George MacDonald, The Princess and the Goblin (George Routledge and Sons, 1871; Alfred A Knopf, 1993)
According to the author’s short biography at the back of the book, W.H. Auden is quoted as saying of MacDonald’s writings: “To me, George MacDonald’s most extraordinary, and precious, gift is his ability, in all his stories, to create an atmosphere of goodness about which there is nothing phony or moralistic. Nothing is rarer in literature.” I rather must agree with Auden, both that there is no little dearth of such frank and sincere tales and that George MacDonald most certainly succeeds at weaving one with The Princess and the Goblin.
At its heart, The Princess and the Goblin is a simple tale about being true-hearted, sincere, empathetic, kind, honorable. . . . I could go on for quite a while in this vein, actually. Fitting all those traits into a story must surely make it instructional and complicated, I can hear you thinking. Yet this is simply not true with George MacDonald’s charming fairy tale. All these qualities are implicit within the characters of his subjects and are thus presented as desirable and worthy of emulation.
What’s remarkable about the above is that he manages not to be condescending. No child reading this novel is likely to feel she’s being talked down to or cosseted in an attempt to win his good behavior. Indeed, MacDonald draws them in with a lively eye and level intentions; he mesmerizes them with a well-rounded tale full of drama, serenity, an endangered yet capable princess, a daring miner boy, stupidly cunning goblins, and bloody battles. Adults, also, could find themselves enchanted by this literary fairy tale, both by the story and the quality of the language.
Indeed, the language of the novel presents the only potential drawback to the child of today’s enjoyment (and it’s more of a stumble than a drawback, really). Although most of the sentences are clear and succinct, when some of those 19th century English grammatical patterns crop up, they could throw a young reader off. The solution to this is simple, however: the parent should, of course, be on hand to aid their children’s comprehension. How lovely a novel this would be, even, to read aloud with one’s child, nephew, niece, or local library’s children’s circle!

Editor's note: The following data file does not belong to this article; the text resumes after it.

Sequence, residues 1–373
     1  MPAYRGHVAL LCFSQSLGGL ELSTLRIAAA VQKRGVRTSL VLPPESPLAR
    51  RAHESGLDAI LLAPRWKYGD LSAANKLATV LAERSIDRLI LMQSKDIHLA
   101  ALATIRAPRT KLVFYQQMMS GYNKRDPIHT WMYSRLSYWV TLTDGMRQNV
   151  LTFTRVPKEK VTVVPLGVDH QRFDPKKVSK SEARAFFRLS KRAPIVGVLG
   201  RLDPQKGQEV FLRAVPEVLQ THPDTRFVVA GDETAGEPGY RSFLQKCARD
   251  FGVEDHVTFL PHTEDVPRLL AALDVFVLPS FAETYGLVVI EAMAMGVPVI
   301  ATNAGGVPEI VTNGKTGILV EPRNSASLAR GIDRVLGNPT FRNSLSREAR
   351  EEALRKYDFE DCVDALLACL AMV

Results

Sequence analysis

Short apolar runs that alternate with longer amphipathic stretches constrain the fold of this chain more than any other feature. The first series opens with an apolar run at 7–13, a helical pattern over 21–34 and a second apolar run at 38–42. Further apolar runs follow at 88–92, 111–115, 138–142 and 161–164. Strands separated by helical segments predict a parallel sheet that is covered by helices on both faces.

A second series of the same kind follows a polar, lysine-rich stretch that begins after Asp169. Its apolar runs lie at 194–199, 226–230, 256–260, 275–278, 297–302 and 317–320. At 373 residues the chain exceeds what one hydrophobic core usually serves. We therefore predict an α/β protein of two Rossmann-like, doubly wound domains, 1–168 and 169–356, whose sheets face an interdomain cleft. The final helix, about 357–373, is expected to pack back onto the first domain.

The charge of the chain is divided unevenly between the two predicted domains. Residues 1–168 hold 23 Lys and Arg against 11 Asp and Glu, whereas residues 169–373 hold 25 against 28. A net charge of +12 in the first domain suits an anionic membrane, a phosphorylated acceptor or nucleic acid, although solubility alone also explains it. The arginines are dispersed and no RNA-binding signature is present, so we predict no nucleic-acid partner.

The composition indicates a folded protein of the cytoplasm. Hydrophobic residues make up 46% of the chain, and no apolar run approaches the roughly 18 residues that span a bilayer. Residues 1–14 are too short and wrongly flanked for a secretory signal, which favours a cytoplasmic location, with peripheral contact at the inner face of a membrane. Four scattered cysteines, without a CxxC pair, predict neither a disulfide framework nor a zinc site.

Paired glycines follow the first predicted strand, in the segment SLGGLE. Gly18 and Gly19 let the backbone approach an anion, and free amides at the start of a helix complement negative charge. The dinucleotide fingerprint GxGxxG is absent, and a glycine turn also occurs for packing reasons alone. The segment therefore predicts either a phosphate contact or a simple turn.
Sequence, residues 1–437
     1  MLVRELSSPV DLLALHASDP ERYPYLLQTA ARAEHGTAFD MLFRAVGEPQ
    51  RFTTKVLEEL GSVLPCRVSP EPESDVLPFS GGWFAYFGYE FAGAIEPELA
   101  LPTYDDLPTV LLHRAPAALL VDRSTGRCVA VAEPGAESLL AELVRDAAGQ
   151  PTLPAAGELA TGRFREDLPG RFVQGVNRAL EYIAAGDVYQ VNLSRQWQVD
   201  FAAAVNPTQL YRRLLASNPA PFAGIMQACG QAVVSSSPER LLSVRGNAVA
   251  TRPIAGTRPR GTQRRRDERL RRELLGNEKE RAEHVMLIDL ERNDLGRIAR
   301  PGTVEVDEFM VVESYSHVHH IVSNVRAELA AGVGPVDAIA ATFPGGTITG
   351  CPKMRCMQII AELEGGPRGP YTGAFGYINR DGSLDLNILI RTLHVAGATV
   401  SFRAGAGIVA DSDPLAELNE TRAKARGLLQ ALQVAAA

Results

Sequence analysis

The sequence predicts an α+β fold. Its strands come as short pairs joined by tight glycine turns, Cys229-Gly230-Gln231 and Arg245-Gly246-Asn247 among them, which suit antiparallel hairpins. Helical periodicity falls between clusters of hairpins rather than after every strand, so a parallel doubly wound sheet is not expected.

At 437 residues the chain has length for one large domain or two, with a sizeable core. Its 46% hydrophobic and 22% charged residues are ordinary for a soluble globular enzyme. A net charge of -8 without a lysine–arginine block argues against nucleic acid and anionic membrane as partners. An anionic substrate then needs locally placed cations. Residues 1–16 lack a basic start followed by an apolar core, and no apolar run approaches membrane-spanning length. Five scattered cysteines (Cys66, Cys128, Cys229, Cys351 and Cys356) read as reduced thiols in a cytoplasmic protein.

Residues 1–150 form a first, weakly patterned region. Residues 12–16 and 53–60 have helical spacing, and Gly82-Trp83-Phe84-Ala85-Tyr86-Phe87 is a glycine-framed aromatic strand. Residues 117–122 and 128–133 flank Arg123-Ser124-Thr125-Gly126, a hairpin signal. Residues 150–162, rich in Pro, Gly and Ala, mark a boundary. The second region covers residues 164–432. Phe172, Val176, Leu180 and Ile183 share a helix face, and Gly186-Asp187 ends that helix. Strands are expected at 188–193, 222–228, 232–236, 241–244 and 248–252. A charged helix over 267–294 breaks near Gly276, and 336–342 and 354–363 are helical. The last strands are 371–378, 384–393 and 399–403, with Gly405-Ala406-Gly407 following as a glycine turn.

The presentation of this particular edition of the book is quite befitting of MacDonald’s vision as well: it’s lovely and durable, very well constructed. The cover is of heavy board covered with textured blue fabric and embossed with the title and author’s name in gold. A colorized version of one of the gorgeous interior illustrations sits centered on the cover as well. The spine is worked in a gold-and-black diamond pattern, once more bearing the author’s name and title embossed in gold. Upon opening the book, you discover the interior cover and endpapers also bear a diamond pattern and silhouettes of children playing, fantastical beasts, and people reading. There’s even a place for the child to write her name and a blue ribbon marker to hold his place when he’s off (hopefully!) play-acting his favorite literary adventures or creating her own!
As gorgeous and charming as the story itself are the interior illustrations. Indeed, they are inextricable from the text. Arthur Hughes (yes, the Pre-Raphaelite painter responsible for “April Love”) was a good friend of the MacDonald’s and provided the illustrations for The Princess and the Goblin when it was written. Mostly featured as small inset windows between paragraphs, they are simply beautiful black-and-white drawings that completely capture the spirit of the story. The subtle lines and his use of shadow and light give charming hope to a princess, bleak immediacy to the miner boy’s several predicaments, depict the loving honor of a king, and suggest the twisted miens of the goblins and their creatures without taking the place of imagination.
This little volume is sure to leave anyone wanting more of the sweet little princess and her friends. Luckily, George MacDonald wrote one more. I, for one, can’t wait to see what he left waiting for us in The Princess and Curdie.
This review was originally published at Green Man Review on February 10th, 2008 and was a Featured Review in that edition.